Maria Corley is a composer, performer and arranger of music.

Rory Block is the only white performer I am playing on this show. I was unable to find a black woman singer performing Ain’t I a Woman, which is the famous speech by Sojourner Truth, delievered at theWomen’s Convention in 1851 in Akron, Ohio.

“Troubled Water” was composed by Margaret Bonds in 1967 and is performed by Maria Corley from the Soulscapes cd

Deidre McCalla With four critically acclaimed albums to her credit and a new release this year, Deidre McCalla remains the indefatigable road warrior. An African American lesbian feminist, Deidre’s words and music poignantly traverse the inner and outer landscapes of our lives, chronicling our strengths and weaknesses and celebrating the power and diversity of the human spirit.

Fannie Lou Hamer (born Fannie Lou Townsend on October 6, 1917March 14, 1977) was an American voting rights activist and civil rights leader. She was instrumental in organizing Mississippi‘s “Freedom Summer” for the Student Nonviolent Coordinating Committee (SNCC), and later became the Vice-Chair of the Mississippi Freedom Democratic Party, attending the 1964 Democratic National Convention in Atlantic City, New Jersey, in that capacity. Her plain-spoken manner and fervent belief in the Biblical righteousness of her cause gained her a reputation as an electrifying speaker and constant champion of civil rights.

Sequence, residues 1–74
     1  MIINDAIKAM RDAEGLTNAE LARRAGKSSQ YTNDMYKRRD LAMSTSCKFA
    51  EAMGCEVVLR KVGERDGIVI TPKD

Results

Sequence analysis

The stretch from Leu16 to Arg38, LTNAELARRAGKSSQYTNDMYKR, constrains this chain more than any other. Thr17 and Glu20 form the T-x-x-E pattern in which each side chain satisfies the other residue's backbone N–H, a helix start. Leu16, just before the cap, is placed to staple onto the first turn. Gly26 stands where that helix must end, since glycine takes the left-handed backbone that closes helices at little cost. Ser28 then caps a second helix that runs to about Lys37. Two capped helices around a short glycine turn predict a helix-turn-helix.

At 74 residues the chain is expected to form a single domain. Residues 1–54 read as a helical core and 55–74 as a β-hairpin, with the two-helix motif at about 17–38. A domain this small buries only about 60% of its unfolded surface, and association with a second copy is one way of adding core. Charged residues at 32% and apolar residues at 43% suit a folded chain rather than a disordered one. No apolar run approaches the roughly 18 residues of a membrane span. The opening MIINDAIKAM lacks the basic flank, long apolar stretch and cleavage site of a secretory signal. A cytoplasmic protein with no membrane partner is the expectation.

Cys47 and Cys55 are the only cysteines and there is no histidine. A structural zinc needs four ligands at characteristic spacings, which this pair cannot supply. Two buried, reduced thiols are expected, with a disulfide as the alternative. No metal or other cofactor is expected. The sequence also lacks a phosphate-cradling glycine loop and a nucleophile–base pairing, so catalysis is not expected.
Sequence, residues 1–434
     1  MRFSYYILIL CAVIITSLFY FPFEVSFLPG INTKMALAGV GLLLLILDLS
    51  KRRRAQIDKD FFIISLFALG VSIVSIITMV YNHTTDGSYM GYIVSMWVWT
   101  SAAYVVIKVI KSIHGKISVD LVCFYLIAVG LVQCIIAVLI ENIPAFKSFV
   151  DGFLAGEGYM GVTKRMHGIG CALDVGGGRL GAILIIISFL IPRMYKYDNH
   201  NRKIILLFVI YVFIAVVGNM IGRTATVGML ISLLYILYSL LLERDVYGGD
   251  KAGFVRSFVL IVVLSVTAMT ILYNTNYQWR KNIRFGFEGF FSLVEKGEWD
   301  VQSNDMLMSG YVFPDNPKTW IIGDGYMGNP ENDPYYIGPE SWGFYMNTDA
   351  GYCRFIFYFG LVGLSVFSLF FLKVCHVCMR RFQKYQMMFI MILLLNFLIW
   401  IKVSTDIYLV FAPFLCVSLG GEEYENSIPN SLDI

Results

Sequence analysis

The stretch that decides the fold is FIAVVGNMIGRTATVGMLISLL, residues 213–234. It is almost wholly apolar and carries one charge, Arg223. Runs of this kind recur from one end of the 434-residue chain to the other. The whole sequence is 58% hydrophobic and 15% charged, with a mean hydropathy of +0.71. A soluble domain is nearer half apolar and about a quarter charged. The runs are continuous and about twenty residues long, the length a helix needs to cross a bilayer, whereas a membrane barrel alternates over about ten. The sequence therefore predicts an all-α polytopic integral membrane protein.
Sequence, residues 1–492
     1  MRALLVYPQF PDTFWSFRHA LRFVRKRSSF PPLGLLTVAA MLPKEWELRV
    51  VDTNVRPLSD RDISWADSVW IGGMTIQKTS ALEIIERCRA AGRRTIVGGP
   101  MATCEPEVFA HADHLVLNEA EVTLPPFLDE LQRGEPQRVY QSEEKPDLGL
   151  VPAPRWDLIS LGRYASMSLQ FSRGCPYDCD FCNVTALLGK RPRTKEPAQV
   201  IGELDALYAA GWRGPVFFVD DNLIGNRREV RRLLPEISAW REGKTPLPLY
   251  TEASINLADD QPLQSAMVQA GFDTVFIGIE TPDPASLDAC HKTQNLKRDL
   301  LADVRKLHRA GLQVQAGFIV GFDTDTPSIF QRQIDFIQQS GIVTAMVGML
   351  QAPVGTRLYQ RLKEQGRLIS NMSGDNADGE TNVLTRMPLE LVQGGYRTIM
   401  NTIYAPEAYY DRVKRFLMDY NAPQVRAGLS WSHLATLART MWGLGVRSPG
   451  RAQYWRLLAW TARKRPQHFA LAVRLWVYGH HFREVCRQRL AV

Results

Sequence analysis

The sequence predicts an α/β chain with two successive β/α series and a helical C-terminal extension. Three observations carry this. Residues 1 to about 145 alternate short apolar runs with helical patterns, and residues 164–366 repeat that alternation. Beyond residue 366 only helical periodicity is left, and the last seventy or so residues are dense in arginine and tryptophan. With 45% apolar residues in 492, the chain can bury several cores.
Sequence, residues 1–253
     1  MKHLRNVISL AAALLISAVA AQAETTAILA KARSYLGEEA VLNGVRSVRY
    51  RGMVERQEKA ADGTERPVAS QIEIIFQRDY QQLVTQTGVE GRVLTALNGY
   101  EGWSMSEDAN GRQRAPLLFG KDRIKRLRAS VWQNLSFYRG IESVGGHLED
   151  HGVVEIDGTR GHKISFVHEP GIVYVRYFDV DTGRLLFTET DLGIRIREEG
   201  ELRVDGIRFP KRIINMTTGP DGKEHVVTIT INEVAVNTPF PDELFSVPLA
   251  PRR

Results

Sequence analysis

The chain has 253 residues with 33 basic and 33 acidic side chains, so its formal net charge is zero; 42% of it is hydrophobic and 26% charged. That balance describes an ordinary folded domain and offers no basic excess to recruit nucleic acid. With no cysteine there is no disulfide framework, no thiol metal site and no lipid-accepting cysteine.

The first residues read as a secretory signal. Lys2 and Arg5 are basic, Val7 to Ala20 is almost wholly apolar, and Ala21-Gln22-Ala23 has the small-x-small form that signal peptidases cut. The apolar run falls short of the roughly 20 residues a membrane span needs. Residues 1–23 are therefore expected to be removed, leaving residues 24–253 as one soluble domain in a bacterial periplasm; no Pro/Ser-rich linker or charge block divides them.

Sweet Honey in the Rock was founded in 1973 by Bernice Johnson Reagon who formed the group out of singers from a vocal workshop she was teaching with the Washington, D.C. Black Repertory Company. Reagon retired from the group in 2004. The name of the group comes from a religious parable from Psalm 81:16 which tells of a land so rich that when rocks were cracked open, honey flowed from them. [1] Over the years, more than 20 individuals have lent their voices to Sweet Honey in the Rock. Beginning as a quartet, the group is now composed of six African-American women (including a professional American Sign Language interpreter who accompanies the group on concert tours).

Roxanne Shante Biography
Real Name: Lolita Shante Gooden / Born: November 9 1969, Queens NY USA. Shante came to prominence at the tender age of 14 via her related answer record to U.T.F.O.’s 1984 rap hit, ‘ Roxanne, Roxanne’. Gooden was walking outside a New York housing project when she overheard three men discussing U.T.F.O.’s cancellation of a show they were promoting. In turn gooden offered them a reply record. The onlookers, DJ Mister Magic, Tyrone Williams and